Interactive Investor

Market snapshot: an important day after Apple’s record rally

America's second-biggest tech stock grabbed headlines with new AI features, driving the Nasdaq to new highs. ii's head of markets explains what's moving stock prices and what to look out for today.

12th June 2024 08:27

by Richard Hunter from interactive investor

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A fresh bout of AI exuberance lifted the S&P 500 and Nasdaq once more to record closing highs, leaving those markets defying gravity ahead of an important day of economic updates.

The Apple conference unveiled a new set of AI features which are designed to be more personalised and intuitive in an effort to heighten consumer demand across its product suite.

Apple Inc (NASDAQ:AAPL) shares rose by over 7% during the trading session, with some noting a small switch away from NVIDIA Corp (NASDAQ:NVDA) towards Apple as the news emerged. The warm reception to the update was sufficient to nudge the more technology-focused indices to fresh closing records, with the S&P 500 and Nasdaq now having gained 12.7% and 15.5% respectively in the year to date.

Attention will now switch to two events in the US today which could determine sentiment in the shorter term. While not being the Federal Reserve’s most preferred inflation gauge, the Consumer Price Index (CPI) release will nonetheless have an impact on the thinking of the central bank and investors alike.

A monthly increase of 0.1% is expected, annualising to 3.4%, showing strong progress from the peak of 9.1% two years ago, but apparently refusing to travel the final mile towards the Fed’s 2% target.

The conclusion of the Fed’s two-day meeting will then follow, where a no-change decision to interest rates seems all but a formality. However, any perceived changes to the mantra of “higher for longer” rates would be warmly received, although there is a real possibility of the opposite message coming through.

Recent economic data has tended to confirm that the economy is sufficiently robust and growing despite elevated rates, and the so-called dot plot – a measure of rate projections by individual Fed members – will likely be revised from the previous forecast of three cuts this year. The current consensus is that a cut is possible in September, but equally the possibility of just one cut this year in November is increasingly gaining traction.

Asian markets were mixed overnight, with tech-heavy markets such as Taiwan gaining on the back of the Apple news, while the larger markets were more introspective. In China, soft inflation data failed to garner much interest, while in Hong Kong the market was slightly rattled after part of the Evergrande group warned of losing assets. The China Evergrande New Energy Vehicle Group subsequently plunged by 20%, renewing concerns over the beleaguered property sector which has dragged on much of the region over recent months.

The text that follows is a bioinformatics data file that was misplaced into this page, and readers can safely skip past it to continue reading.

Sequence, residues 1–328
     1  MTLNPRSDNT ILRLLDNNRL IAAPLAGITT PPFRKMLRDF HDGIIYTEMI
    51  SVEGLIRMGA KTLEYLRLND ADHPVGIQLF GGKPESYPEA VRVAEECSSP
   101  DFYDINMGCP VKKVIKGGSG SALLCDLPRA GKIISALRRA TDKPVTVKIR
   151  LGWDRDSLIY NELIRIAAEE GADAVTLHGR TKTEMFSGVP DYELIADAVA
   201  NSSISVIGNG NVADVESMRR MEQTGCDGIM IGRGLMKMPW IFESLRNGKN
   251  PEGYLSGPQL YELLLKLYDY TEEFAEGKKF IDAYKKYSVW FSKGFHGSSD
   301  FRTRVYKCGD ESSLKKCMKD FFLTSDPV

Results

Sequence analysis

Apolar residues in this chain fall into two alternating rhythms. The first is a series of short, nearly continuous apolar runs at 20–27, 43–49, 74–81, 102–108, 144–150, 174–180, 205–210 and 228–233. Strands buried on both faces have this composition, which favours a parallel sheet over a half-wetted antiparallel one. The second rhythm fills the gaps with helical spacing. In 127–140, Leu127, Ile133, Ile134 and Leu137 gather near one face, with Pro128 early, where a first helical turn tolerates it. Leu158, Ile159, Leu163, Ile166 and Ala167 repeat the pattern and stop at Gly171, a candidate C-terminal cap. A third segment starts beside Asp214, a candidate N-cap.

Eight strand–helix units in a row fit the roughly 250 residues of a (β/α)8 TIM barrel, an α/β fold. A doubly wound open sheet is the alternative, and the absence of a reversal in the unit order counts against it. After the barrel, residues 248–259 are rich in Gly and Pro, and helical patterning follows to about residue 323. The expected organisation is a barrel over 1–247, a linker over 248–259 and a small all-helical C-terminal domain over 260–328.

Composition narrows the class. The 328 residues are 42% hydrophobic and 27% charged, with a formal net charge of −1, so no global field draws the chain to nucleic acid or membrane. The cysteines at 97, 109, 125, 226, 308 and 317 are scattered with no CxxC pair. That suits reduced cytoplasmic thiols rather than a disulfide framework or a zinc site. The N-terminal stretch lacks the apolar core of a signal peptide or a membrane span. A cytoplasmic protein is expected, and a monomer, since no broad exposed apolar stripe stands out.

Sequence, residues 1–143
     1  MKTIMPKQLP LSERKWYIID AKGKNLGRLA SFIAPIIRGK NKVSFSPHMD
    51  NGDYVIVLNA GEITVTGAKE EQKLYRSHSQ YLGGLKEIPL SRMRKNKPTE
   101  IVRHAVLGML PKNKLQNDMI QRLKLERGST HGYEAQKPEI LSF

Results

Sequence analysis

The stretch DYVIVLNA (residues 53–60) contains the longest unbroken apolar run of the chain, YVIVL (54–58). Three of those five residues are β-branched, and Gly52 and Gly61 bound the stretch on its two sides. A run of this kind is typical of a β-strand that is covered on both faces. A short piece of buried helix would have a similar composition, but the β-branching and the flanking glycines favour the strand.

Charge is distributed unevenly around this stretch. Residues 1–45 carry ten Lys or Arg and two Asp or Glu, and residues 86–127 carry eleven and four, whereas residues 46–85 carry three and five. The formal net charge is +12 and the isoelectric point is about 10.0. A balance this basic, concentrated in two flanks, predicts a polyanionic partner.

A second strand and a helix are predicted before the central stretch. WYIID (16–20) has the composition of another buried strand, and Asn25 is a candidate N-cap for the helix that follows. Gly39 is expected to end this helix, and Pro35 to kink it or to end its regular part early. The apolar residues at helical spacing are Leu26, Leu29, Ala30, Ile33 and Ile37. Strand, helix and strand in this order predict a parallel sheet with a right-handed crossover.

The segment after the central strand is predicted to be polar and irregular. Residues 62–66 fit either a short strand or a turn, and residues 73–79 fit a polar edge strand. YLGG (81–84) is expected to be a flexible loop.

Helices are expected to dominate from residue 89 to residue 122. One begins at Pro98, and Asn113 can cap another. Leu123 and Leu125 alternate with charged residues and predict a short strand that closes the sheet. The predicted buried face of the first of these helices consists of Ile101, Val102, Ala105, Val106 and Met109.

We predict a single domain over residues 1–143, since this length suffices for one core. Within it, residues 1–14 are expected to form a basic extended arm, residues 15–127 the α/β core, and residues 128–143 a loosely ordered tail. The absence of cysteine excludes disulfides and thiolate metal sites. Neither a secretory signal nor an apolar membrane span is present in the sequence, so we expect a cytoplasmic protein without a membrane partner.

Japan’s Nikkei index also ran into some resistance with an accelerated 2.4% gain in producer prices, fuelled by yen weakness against the US dollar which has heightened costs for imported fuel and manufacturing components. The difficulty of the decision facing the Bank of Japan on interest rates later this week was further highlighted by a continued fall in real wages, reiterating concerns that consumer spending could remain on its downward trend.

The latest release of UK GDP growth comes at a politically-sensitive time and will provide fuel to the fire of the opposing parties. On the one hand, the economy is looking at a brief and shallow recession in the rear-view mirror, but a flat April GDP reading also shows that headwinds remain to building up any positive and sustained momentum.

Of itself, the release is unlikely to change the Bank of England’s thinking on interest rate reduction, although the fact that the reading was better than an expected minor contraction lifted both sterling and the FTSE 250, the latter of which has now gained by 3.2% this year.

The premier index opened briskly in an attempt to reverse the listless performance of recent days. Rentokil Initial (LSE:RTO) shares were the standout performer, with rumours that a US activist investor has taken a stake lifting the price by over 16% in opening exchanges.

On the downside, Legal & General Group (LSE:LGEN) shares slipped by more than 4% after its Capital Markets Event announcement, with investors questioning both the pace of growth as well as the relatively limited £200 million buyback scheme. Elsewhere, the banks provided some buying interest after a difficult few sessions of late, and the overall bounce takes the performance of the FTSE 100 to a positive 6% in the year to date, albeit some way off the record highs achieved in May.

These articles are provided for information purposes only.  Occasionally, an opinion about whether to buy or sell a specific investment may be provided by third parties.  The content is not intended to be a personal recommendation to buy or sell any financial instrument or product, or to adopt any investment strategy as it is not provided based on an assessment of your investing knowledge and experience, your financial situation or your investment objectives. The value of your investments, and the income derived from them, may go down as well as up. You may not get back all the money that you invest. The investments referred to in this article may not be suitable for all investors, and if in doubt, an investor should seek advice from a qualified investment adviser.

Full performance can be found on the company or index summary page on the interactive investor website. Simply click on the company's or index name highlighted in the article.

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